The regional scenarios document the possible impacts on emissions and air quality initiated by potential changes to policies on transportation, technology, fuel, and mobility systems during the upcoming decades. The intention of these scenarios is to show stakeholders that the implementation of sustainable policies plays a critical role in ensuring projected emissions do not become a reality (WEC, 2011).

The objective of this activity is to provide a source of information on current emissions projections and present scenarios for sustainable urban transport and climate change in Latin America and their potential impacts. These initially focus on Argentina, Brazil and Mexico.

2. Population and Emissions Regional Scenarios

According to the 2010 Census Mexico has a population of 112,336,538 and is ranked as the 11th most populated country worldwide (INEGI, 2010). Its population growth rate is 1.086% for 2012 (CIA, 2012) with 75% living in urban areas and a continuing shift to urbanization (World Bank, 2010). Mexico’s GDP in 2010 was 8,830,376,102 Mexican Pesos (1,034,804,491,265 current USD), and its GDP per capita was 14,400 USD. According to the MEDEC, Mexico’s vehicle fleet was around 24 million in 2008, and it is expected to grow to 70 million in 2030 with an annual motorization rate of 5.1%. If these trends continues, CO2e emissions will grow from 170 MtCO2e in 2008 to 440 MtCO2e in 2030.

Source: Instituto Nacional de Estadística y Geografía - INEGI. Censo de Población y Vivienda, 2010.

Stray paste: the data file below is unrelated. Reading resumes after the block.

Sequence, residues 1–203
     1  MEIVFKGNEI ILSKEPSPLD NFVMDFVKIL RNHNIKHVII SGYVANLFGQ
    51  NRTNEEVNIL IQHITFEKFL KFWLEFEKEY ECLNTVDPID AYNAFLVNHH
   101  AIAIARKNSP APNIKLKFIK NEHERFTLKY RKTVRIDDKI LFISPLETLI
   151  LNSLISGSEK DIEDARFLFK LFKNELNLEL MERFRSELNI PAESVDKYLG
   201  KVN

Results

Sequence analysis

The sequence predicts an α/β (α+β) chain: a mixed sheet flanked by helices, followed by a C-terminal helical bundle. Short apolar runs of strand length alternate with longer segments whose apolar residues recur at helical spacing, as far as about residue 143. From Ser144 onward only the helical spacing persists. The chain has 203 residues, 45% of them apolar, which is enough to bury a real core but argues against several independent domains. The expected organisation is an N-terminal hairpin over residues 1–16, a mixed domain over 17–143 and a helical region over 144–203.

According to the emissions inventory of 2008, Mexico’s total emissions are 643.2 Mt CO2 e /year which represent 1.5% of global emissions of CO2e from fuel combustion.

Total regional transport-related CO2 emissions (millions of tons/year)

Source: International Energy Agency (IEA, 2011), and World Energy Council (WEC, 2011).

 

The above graph shows Latin America and Mexico CO2 emission in the business as usual and emissions reduction policy trends. The emissions grow with increasing population size and rising income, leading to an unsustainable future for future generations. Increasing motorization is directly responsible for rising pollution in developing countries. In the scenario with emission reduction policies, government plays an important role by deciding to prioritize sustainable policies and to increase their international cooperation on climate change issues in the short to medium term. Large government programs focus on energy efficiency and energy saving programs. This results in more effective energy saving, and a drop in the demand for energy in this scenario. These emission reduction policies have a stronger emphasis on public transport, lowering growth rates of vehicle ownership and other proven policy options. (WEC, 2011)

Mexico is among one of the most carbon-intensive economies in Latin America, and its’ transport sector is no exception. 18% of Mexico’s total GHG emissions come from transport (IEA, 2011); also most of these emissions are in cities such as Mexico City where transport accounts for 41% of total GHG emissions (World Bank, 2009). Mexico has a highest rate of motorization in Latin America in 2008 was one vehicle per four habitants (MEDEC, 2008). Motorization in Mexican cities is increasing 10% annually, private car represent the 80% of motor vehicle but only about 30% of trips (World Bank, 2009); it is expected that by 2030 that trend remain constant (see graph in section 5.3 Car Ownership and Gasoline Vehicles VKT). It implicates to reach one vehicle per two habitant and demands to make large infrastructure investments.